## absolute value function

### The absolute value function, denoted as |x|, is a mathematical function that returns the non-negative value of a number

The absolute value function, denoted as |x|, is a mathematical function that returns the non-negative value of a number. It measures the distance between a number and zero on the number line.

The absolute value function takes any real number as input and returns its positive value. For positive numbers, the absolute value of a is a itself, while for negative numbers, it returns the negative of a. Mathematically, this can be defined as:

|a| =

– a, if a < 0
- a, if a ≥ 0
The absolute value function is always non-negative or zero. For example, |3| = 3 and |-5| = 5. The absolute value operation removes the sign of a number, making it positive.
Graphically, the absolute value function is represented by a V-shaped graph, known as a "V-curve" or "abs(x) graph". The vertex of the V-curve is at the origin (0, 0), and the arms of the V extend upwards and downwards, parallel to the y-axis. The graph reflects the behavior of the function for both positive and negative values.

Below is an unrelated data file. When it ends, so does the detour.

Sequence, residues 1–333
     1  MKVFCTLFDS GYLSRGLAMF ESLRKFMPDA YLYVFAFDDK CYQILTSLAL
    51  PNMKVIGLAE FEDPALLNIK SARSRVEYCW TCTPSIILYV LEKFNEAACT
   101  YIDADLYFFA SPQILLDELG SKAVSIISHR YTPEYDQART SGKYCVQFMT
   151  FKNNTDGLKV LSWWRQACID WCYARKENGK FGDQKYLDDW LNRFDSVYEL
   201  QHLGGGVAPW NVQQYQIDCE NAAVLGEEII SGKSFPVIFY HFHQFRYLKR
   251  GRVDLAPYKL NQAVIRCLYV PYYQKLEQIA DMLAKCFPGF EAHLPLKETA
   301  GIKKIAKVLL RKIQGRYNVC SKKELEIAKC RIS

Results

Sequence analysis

The absolute value function is widely used in various mathematical applications, such as solving absolute value equations and inequalities, finding distances between points, calculating magnitudes, and defining piecewise functions. It is an essential concept in algebra, geometry, calculus, and other areas of mathematics.

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